Morning Ethics Warm-Up, 3/29/2019: Good Kool-Aid, Bad Kool-Aid

Good morning!

1. No, it’s not yet clear what happened in the Jussie Smollett debacle, just that  whatever it was, it was unethical as hell. Smollett is no less guilty of faking a hate crime than he always was; the evidence is just as overwhelming; and the fools lining up to support him are asking for trouble. For example, the writers for Smollett’s show (it seems likely that it is no longer his show, and the producers would be certifiably mad to let him back on the air) seem to be under the delusion that charges were dropped against the African-American actor because there wasn’t evidence to try him. That is not what happened, whatever happened. But here is “Empire” writer Cameron Johnson  tweeting to a Chicago-based reporter  who has been covering the case since it first broke in January.

No, in fact everything reported about Smollett—that he faked the attack, lied to police and the news media, and that the two men he recruited and paid to carry out the hoax with him have fingered Smollett—appears to be true. Meanwhile, the NAACP is going forward with Smollett’s nomination for an award for his work on Empire. I wouldn’t put it past them to let him win, meaning that they would be applauding a divisive–but woke! And gay! And black!—hate crime hoaxer.

So again, what’s going on here? The former chief of staff to First Lady Michelle Obama had contacted Cook County prosecutor Kim Foxx about the case on behalf of a member of Smollett’s family.  Foxx is an openly racialized African-American prosecutor whose past words and conduct suggest that she might adopt the Sharpton-like theory that the fact that a hate crime is a hoax is less important than the fact that it could have been true. Also, prosecuting Smollett could have sent another black man to prison, and Foxx is on the record as wanting to do everything she can to avoid that result as often as possible.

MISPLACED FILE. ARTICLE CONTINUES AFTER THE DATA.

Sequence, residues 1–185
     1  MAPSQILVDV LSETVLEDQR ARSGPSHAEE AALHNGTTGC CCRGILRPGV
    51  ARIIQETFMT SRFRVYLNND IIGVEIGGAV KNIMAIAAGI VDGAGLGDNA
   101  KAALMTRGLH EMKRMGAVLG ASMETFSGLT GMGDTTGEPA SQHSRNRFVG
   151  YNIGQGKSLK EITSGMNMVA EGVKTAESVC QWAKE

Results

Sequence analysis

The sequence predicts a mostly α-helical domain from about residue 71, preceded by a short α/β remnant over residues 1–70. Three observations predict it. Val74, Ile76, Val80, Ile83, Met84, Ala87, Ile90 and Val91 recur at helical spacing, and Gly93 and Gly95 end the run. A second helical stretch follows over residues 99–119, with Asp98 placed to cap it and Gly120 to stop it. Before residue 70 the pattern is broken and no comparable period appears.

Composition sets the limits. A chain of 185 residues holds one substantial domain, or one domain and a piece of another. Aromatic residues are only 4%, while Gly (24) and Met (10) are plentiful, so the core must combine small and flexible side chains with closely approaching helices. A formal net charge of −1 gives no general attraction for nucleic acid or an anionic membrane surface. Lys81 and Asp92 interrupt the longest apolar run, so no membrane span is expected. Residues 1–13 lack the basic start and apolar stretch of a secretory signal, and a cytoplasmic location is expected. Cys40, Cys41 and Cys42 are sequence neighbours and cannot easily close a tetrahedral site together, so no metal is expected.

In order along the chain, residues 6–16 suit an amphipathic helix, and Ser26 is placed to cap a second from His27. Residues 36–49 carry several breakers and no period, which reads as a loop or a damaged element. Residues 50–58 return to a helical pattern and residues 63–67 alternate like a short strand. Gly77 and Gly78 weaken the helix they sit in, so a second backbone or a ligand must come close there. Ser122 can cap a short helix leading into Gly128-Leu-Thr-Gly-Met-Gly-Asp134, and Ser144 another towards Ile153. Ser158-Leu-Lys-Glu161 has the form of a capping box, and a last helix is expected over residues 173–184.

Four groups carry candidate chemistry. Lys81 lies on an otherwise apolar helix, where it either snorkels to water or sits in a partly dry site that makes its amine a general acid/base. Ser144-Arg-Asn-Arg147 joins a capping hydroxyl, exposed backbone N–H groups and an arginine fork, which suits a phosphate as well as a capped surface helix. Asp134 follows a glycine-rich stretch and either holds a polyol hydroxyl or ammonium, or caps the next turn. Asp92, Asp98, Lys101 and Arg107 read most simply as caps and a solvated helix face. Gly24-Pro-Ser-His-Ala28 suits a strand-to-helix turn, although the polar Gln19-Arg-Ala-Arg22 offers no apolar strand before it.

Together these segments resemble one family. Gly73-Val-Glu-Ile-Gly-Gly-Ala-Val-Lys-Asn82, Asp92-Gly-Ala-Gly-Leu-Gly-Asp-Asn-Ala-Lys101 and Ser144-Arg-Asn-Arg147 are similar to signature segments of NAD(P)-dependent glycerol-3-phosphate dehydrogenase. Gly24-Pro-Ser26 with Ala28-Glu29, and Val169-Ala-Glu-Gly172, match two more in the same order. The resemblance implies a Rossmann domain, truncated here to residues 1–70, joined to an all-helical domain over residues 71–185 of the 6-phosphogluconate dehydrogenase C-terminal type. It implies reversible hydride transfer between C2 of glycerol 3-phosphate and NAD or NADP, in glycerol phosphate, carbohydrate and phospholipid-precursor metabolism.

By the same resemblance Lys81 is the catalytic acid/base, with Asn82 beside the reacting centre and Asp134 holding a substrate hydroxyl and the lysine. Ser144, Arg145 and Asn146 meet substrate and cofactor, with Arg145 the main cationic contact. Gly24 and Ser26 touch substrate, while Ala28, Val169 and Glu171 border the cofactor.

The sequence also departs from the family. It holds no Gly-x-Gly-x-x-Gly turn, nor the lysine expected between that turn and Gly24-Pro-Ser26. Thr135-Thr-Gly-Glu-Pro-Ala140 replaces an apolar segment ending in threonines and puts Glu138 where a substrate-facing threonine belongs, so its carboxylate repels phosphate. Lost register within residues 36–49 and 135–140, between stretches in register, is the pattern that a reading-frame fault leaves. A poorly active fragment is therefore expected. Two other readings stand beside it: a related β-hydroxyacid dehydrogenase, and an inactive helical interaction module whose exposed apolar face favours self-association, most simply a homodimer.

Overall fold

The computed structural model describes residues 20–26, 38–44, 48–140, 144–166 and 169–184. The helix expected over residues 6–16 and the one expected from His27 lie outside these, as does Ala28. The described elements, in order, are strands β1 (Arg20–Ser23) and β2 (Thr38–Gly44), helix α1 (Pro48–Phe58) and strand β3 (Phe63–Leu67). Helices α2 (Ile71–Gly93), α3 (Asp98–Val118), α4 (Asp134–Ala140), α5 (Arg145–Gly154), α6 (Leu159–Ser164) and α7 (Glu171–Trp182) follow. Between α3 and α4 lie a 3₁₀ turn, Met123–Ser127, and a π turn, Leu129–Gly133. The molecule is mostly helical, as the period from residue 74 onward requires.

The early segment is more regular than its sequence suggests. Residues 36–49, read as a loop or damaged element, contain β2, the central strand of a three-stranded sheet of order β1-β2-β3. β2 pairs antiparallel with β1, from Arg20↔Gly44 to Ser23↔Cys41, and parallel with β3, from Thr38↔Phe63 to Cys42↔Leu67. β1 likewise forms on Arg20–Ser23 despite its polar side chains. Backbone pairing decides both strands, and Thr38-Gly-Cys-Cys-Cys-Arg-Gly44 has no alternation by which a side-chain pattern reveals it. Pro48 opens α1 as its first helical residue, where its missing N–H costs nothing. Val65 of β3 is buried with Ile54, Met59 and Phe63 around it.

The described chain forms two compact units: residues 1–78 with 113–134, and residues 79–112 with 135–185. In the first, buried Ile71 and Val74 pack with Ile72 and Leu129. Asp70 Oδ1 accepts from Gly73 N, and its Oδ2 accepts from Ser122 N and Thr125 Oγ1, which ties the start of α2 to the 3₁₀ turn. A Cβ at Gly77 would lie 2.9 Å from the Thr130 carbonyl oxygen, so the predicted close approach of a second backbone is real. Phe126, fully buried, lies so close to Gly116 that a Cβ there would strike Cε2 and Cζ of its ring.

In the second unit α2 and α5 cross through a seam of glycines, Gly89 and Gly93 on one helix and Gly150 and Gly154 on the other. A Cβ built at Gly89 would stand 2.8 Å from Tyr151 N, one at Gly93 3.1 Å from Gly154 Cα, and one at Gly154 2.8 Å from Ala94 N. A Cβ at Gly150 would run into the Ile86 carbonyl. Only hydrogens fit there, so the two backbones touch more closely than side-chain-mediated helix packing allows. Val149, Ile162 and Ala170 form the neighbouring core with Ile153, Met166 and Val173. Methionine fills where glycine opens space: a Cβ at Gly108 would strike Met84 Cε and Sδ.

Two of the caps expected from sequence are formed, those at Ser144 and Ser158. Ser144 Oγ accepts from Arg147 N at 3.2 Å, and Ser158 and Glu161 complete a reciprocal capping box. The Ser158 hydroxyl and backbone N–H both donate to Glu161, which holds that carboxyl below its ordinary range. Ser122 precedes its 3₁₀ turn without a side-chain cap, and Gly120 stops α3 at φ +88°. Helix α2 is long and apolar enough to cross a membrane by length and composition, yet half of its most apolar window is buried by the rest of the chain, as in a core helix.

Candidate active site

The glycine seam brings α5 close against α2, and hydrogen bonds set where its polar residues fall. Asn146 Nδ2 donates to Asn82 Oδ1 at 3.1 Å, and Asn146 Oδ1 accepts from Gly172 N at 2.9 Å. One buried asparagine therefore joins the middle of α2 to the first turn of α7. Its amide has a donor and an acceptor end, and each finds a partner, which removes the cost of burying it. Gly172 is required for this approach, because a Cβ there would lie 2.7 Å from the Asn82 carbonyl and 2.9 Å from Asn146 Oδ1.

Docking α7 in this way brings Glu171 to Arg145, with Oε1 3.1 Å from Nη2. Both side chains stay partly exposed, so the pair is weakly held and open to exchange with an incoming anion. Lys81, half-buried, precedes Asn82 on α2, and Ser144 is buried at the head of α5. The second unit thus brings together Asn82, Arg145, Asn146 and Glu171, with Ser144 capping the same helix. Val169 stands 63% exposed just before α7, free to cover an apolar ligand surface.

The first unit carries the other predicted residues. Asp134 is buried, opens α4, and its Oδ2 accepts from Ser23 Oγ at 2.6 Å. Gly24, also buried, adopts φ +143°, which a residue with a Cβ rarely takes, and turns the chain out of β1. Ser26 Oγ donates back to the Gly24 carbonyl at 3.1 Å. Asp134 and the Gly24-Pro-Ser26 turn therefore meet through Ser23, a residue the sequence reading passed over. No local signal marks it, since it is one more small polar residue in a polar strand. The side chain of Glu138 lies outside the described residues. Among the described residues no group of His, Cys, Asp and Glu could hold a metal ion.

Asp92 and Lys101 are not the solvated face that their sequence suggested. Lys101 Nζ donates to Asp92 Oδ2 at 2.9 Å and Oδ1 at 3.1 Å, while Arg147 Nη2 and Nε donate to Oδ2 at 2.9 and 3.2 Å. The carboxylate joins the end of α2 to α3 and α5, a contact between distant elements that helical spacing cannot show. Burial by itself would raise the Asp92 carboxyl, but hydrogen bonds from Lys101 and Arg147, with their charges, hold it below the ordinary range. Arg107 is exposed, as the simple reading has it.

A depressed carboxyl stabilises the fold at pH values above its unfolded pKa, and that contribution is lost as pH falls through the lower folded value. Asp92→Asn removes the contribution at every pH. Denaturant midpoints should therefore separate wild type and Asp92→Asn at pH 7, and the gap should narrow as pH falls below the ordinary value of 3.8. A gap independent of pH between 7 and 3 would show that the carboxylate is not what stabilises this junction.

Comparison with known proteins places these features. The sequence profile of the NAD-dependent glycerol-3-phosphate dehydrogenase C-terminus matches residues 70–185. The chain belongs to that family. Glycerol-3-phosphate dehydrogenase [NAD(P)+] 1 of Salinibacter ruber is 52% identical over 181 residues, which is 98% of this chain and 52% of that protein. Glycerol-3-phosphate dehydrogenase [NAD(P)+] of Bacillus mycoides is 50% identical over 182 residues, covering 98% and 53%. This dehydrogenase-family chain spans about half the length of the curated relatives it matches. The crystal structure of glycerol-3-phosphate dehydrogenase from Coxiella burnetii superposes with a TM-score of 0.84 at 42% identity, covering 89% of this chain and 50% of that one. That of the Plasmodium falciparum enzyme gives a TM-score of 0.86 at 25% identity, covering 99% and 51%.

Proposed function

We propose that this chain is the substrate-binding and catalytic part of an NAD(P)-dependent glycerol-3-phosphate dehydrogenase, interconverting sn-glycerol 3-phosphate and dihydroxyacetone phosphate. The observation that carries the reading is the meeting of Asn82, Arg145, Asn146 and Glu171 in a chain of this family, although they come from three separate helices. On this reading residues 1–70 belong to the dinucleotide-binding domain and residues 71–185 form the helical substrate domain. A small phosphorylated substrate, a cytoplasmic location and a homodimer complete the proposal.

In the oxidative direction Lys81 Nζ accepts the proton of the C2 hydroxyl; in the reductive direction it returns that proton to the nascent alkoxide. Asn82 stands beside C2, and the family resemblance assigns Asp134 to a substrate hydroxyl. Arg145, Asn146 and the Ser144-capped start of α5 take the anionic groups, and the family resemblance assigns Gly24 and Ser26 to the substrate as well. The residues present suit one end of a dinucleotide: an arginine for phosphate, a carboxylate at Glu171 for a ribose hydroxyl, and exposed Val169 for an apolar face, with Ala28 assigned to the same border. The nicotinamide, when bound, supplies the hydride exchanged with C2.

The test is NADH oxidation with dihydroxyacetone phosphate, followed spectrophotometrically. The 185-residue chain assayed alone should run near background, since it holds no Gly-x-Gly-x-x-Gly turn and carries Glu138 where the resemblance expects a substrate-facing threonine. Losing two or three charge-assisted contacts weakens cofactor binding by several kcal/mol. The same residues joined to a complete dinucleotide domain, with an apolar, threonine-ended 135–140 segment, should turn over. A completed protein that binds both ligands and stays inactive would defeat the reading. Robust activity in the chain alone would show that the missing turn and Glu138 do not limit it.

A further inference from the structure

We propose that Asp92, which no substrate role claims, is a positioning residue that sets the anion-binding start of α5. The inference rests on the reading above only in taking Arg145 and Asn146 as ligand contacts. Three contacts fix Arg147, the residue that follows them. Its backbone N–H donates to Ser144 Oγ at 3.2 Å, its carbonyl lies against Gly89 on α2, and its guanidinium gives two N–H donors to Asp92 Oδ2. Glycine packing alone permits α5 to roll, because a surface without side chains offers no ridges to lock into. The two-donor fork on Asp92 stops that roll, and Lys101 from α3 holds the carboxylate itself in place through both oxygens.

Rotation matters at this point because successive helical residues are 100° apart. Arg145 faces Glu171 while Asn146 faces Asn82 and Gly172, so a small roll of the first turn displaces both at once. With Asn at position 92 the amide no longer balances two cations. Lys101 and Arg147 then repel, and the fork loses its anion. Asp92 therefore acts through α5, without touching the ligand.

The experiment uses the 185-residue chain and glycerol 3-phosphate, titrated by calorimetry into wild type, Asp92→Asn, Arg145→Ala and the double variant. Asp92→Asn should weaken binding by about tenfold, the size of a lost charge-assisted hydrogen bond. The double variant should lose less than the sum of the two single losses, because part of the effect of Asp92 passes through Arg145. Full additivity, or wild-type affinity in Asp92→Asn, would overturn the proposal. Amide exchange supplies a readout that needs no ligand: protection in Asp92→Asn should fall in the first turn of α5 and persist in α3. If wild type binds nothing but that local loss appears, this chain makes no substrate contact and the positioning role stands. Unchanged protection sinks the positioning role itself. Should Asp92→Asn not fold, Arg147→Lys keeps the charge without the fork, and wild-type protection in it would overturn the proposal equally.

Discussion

Dismissals after grand jury indictments when there is no new exculpatory evidence usually require a defendant to accept responsibility, stay out of trouble for at least six months, and make restitution. None of this happened. Smollett not only denied responsibility, he again proclaimed his innocence . He was required to forfeit his bond, which would never be required if he was actually innocent based on the evidence. The state’s attorney’s office cited 16 hours of “community service” as a mitigating factor, but again, if he is innocent, why would that matter? Smollett did that work volunteering at the headquarters of Jesse Jackson’s Rainbow PUSH Coalition. Then Smollett’s lawyer denied that any community service was required as a condition of the dismissal of his charges.

Prosecutors announced preemptively that the record in the case would be sealed, and there is no precedent for immediately sealing a criminal case involving an adult, even if a defendant is found not guilty. Defendants usually have to file a motion to seal their case, and the police are given the opportunity to contest the motion.

The Associated Press is reporting that the city will seek $130,000 from “ Smollett to cover the costs of the investigation into his hoax, which means that police are still certain that he is guilty.

It almost feels like this is a deliberate parody of the Mueller Report fiasco, designed to suggest that the situations of Smollett and President Trump are similar: both guilty, and both “exonerated” falsely.

The Illinois Prosecutors Bar Association has released a statement condemning the whatever -it-was in the strongest terms.